A tired cliché used to try to buck people up after a set back is that they can use that moment as a time to grow. It’s true, in a way, that one can sometimes reflect on what went wrong and learn to avoid making similar actions. It’s kind of built into our evolutionary development to boot: researchers broadly theorize that we retain bad memories more as part of an evolutionary tool to help us avoid life-threatening situations. I mean, if early humans went out on a hunt and realized that there was a den of saber tooth cats over that ridge, it would be important to the survival of that species to remember never to go back to that same ridge.
That advice, though, sometimes feels hollow. A trite way of noting silver linings in a pile of poop and trying to push past the uncomfortable revelations on hand. In a much less pronounced way - at least, less central to surviving an animal mauling, I guess - Liverpool Football Club found themselves this week with some time to reflect on what they may have learned from their loss to Chelsea. It was a closely contested match, but one that Liverpool might have seen through had a combination of things gone their way; notably, that they finished their chances and held firm in defense.
In football, such reflections don’t often carry with them an opportunity to trot right back out and try again in similar circumstances. (Again, if you’re hewing back to the saber tooth cat thing, you don’t want to go back into a den of giant, predatory animals!) However, Liverpool will be looking to do just that in their rematch against Chelsea on the weekend. And gleaning from Klopp’s comments at the pre-match press conference, it appears that the whole team have used the time to analyze their performance and learn a lesson or two for the re-match.
For both teams, it will not be an easy game and both teams know that. But the best preparation for the Saturday game is the Wednesday game because you can never know more about an opponent than in the match you play against them. Of course, there’ll be a few different players on the pitch for Chelsea, but we try to use our information from Wednesday to do it better. We learned a lot in the game and it was interesting to see how we adapted in a pretty short period of time with a pretty much completely new formation. That’s good, but we have to do better because Chelsea will make changes and Hazard will not only play 20 minutes, so he will give us a few questions over 95 minutes. A lot of other players will come in - Jorginho, Kante and all these boys – so it’ll be interesting again and I am looking forward to it.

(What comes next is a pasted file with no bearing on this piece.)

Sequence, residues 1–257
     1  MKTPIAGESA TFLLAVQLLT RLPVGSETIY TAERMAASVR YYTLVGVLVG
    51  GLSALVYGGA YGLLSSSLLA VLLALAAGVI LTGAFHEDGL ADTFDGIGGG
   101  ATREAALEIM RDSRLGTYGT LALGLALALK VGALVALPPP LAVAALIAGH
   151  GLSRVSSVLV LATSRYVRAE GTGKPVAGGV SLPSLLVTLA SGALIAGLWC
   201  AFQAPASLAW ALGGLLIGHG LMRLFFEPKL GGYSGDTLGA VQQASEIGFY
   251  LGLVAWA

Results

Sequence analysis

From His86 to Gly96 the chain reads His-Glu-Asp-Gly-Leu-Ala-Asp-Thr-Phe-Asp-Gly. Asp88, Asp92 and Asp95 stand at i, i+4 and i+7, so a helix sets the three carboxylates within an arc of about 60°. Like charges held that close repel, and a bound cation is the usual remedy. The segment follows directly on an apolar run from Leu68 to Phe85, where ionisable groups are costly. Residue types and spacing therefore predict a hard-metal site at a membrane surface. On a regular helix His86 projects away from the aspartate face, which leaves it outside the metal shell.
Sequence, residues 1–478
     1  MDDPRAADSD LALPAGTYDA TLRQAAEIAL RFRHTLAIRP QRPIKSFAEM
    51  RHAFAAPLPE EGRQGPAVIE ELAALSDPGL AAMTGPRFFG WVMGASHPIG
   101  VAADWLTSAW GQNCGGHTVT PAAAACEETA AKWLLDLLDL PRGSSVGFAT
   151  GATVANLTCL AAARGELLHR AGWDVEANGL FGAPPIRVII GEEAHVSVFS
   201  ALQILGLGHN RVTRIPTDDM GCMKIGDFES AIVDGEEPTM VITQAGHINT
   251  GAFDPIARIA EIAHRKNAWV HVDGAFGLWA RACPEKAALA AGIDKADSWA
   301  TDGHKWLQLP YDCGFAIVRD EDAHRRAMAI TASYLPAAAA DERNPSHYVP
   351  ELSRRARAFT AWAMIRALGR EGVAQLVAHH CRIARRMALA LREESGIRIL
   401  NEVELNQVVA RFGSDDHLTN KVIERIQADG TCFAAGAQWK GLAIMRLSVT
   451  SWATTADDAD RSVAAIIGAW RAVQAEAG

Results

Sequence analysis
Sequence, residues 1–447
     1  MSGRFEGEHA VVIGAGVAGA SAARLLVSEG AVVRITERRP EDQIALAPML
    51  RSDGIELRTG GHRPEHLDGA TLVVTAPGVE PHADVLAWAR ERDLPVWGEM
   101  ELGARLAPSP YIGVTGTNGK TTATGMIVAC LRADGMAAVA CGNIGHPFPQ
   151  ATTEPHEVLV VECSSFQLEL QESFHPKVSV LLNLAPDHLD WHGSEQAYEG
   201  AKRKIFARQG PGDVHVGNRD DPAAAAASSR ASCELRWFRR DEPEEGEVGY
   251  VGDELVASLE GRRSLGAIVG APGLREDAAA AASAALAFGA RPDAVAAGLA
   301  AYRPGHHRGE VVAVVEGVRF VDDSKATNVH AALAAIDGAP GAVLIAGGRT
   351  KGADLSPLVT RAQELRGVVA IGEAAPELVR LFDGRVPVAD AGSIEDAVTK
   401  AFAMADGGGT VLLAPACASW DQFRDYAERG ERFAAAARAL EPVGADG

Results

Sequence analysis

Indeed, it would stand to reason that if Liverpool wish to retain their perfect record, it would require quickly cobbling together a few insights from the midweek match and executing them well.
If there’s any confidence in this year’s Liverpool squad it’s been in its ability to consistently play well with a cool confidence and that it is a much deeper squad than in years past. Because even as we know that we will likely see a more strengthened Chelsea side that will include midfield stars Ngolo Kante and Jorginho, there is a hope in Chelsea needing to answer questions of their own with the likes of Mohamed Salah, Roberto Firmino, Trent Alexander-Arnold, and perhaps Georginio Wijnaldum likely to be in contention for places in the starting XI.
On the weekend, then, we are greeted with another proper Big Match™ as a high-flying Liverpool lock horns with a resurgent Chelsea side. Saturday’s match, then, looks to be a proper cracker. Let’s hope the boys learned all the right lessons for one of this early season’s biggest tests.